Increased risk of tuberculosis disease in people with diabetes mellitus: record-linkage study in a UK population.
Young F., Wotton CJ., Critchley JA., Unwin NC., Goldacre MJ.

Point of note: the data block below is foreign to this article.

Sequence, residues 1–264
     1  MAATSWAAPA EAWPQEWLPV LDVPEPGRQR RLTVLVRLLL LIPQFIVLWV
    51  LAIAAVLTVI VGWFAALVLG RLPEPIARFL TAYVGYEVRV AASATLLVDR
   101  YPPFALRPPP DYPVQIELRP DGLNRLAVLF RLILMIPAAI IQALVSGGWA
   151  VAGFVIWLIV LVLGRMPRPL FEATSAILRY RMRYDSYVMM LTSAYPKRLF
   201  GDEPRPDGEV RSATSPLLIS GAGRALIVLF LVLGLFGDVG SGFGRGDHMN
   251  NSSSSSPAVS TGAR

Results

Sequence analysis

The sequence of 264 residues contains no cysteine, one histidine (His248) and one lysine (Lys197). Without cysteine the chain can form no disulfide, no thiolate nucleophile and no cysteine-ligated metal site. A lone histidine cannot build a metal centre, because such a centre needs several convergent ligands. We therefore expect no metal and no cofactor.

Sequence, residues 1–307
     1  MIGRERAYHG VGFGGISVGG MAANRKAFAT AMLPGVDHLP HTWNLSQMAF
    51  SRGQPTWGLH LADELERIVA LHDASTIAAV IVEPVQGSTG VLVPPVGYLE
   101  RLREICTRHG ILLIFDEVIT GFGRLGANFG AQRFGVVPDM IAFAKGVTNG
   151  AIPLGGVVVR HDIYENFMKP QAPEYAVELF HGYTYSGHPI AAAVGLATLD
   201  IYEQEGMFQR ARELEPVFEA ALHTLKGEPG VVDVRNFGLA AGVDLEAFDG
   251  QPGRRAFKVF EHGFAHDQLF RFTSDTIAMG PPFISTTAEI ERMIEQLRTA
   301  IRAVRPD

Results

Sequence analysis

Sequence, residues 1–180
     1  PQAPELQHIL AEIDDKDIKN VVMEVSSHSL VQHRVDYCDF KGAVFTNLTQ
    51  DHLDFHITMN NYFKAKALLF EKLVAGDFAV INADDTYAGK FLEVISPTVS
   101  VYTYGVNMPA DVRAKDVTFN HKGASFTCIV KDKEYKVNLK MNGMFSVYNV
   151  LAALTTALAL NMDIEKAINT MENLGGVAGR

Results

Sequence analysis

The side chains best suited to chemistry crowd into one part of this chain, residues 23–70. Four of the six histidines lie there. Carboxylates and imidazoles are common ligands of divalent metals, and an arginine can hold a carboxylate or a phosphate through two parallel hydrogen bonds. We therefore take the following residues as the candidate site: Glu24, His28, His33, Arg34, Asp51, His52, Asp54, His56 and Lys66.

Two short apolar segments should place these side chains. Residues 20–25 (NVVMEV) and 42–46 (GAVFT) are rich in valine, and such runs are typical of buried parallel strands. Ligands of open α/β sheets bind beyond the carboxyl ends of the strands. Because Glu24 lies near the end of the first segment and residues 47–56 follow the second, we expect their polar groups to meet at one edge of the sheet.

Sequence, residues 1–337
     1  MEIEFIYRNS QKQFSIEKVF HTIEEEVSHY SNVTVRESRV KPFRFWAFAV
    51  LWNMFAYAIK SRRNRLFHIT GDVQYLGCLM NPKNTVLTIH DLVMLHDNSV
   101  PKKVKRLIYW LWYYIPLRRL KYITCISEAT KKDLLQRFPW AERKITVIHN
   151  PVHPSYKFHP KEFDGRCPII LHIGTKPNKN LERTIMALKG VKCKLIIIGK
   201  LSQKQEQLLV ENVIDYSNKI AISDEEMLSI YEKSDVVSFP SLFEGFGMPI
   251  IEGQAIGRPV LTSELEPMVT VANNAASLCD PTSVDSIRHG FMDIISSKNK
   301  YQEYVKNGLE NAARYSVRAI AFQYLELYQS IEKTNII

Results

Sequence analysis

BACKGROUND: The authors aimed to determine whether, and by how much, diabetes mellitus (DM) increases the risk of tuberculosis (TB) and conversely whether TB increases the risk of DM. METHODS: Retrospective cohort analyses using data from two Oxford Record Linkage Study (ORLS) datasets, containing information on hospital admissions and day-case care between 1963 and 1998 (ORLS1) and between 1999 and 2005 (ORLS2), were carried out. The rate ratio (RR) for tuberculosis after admission to hospital with diabetes and for diabetes after hospital admission with tuberculosis was calculated. RESULTS: In ORLS1, the RR for TB in people admitted to hospital with DM, comparing the latter with a reference cohort, was 1.83 (95% CI 1.26 to 2.60), and in ORLS2 the RR was 3.11 (1.17 to 7.03). RRs for pulmonary tuberculosis (PTB) and extrapulmonary tuberculosis (EPTB) within ORLS1 were similar at, respectively, 1.80 (1.16 to 2.67) and 1.98 (0.88 to 3.92). In ORLS 2 the RR for PTB was 2.63 (0.91 to 6.30). In ORLS1, there was no indication that TB was a risk factor for DM (RR 1.12, 0.76 to 1.60). The ORLS2 dataset was too small to analyse whether TB led to DM. DISCUSSION: DM was associated with a two- to threefold increased risk of TB within this predominantly white, English population. The authors found no evidence that TB increases the risk of DM. Our findings suggest that the risks of PTB and EPTB were both raised among individuals with DM. As DM prevalence rises, this association will become increasingly important for TB control and treatment.